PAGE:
The Mingo were not actually an Indian tribe, but a multi-cultural group of Indians that established several communities within present-day West Virginia. They lacked a central government and, like all other Indians within the region at that time, were subject to the control of the Iroquois Confederacy. The Mingo originally lived closer to the Atlantic Coast, but European settlement pushed them into western Virginia and eastern Ohio.
The Seneca, headquartered in western New York, was the closest member of the Iroquois Confederacy to West Virginia, and took great interest in the state. In 1744, the Seneca boasted to Virginia officials that they had conquered the several nations living on the back of the great mountains of Virginia. Among the conquered nations were the last of the Canawese or Conoy people who became incorporated into some of the Iroquois communities in New York. The Conoy continue to be remembered today through the naming of two of West Virginia's largest rivers after them, the Little Kanawha and the Great Kanawha.
The Seneca, and other members of the Iroquois Confederacy, claimed all of present-day West Virginia as their own, using it primarily as a hunting ground. Also, war parties from the Seneca and other members of the Iroquois Confederacy often traveled through the state to protect its claim to southern West Virginia from the Cherokee. The Cherokee were headquartered in western North Carolina and eastern Tennessee and rivaled the Iroquois nation in both size and influence. The Cherokee claimed present-day southern West Virginia as their own, setting the stage for conflict with the Iroquois Confederacy.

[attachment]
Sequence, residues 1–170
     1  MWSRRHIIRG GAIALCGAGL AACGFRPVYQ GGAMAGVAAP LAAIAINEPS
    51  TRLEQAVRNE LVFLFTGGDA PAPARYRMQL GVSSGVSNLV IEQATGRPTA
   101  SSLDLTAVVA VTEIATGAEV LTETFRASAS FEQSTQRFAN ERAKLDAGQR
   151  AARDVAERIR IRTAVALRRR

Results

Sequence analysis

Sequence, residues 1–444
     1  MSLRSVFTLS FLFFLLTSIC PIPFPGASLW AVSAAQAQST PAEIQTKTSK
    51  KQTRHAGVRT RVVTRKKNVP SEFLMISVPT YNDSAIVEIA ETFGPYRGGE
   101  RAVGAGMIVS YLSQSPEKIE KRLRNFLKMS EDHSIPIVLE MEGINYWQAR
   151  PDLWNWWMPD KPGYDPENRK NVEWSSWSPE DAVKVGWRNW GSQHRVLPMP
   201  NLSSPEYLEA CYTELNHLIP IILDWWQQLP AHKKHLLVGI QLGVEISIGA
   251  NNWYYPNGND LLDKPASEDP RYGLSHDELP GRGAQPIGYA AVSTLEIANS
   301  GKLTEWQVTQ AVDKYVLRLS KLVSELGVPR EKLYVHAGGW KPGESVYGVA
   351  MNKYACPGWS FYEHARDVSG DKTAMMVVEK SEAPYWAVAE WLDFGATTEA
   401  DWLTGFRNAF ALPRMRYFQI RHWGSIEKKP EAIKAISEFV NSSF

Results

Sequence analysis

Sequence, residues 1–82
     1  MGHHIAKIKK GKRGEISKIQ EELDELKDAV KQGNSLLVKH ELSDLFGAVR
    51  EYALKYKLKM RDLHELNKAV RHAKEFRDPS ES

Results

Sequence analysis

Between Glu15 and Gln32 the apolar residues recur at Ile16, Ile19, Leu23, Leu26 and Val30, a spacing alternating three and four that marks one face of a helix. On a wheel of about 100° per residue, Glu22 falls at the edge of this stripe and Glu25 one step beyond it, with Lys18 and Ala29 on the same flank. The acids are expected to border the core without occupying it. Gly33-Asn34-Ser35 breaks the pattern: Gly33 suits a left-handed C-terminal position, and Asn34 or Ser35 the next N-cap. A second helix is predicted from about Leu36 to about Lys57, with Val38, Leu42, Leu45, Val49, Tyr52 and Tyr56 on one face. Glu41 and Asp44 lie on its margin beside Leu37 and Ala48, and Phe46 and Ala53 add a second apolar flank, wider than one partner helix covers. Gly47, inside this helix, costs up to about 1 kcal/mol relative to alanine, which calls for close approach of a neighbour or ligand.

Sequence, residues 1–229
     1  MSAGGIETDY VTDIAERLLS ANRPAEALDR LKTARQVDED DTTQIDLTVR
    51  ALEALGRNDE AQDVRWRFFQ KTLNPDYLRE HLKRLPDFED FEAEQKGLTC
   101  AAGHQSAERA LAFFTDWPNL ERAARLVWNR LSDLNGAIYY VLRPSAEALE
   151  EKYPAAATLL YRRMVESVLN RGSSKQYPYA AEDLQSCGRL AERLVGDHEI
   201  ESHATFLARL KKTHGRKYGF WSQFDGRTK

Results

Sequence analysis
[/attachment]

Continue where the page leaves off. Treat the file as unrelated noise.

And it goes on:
In 1744, Virginia officials purchased the Iroquois title of ownership to West Virginia in the Treaty of Lancaster. The treaty reduced the Iroquois Confederacy's presence in the northern panhandle region.
During the mid-1700s, the English had made it clear to the various Indian tribes that they intended to settle the frontier. The French, on the other hand, were more interested in trade. This influenced the Delaware, Mingo, and Shawnee to side with the French during the French and Indian War (1755-1763). Although the Iroquois Confederacy officially remained neutral, many in the Iroquois Confederacy also allied with the French. Just prior to the outbreak of the French and Indian War, George Washington, then a British officer, reported seeing Mingo campfires near Follansbee, in present-day Brooke County. Unfortunately for them, the French lost the war and ceded the all of its North American possessions to the British. The Mingo retreated to their homes along the banks of the Ohio River, and the Shawnee retreated to their homes at Chillicothe.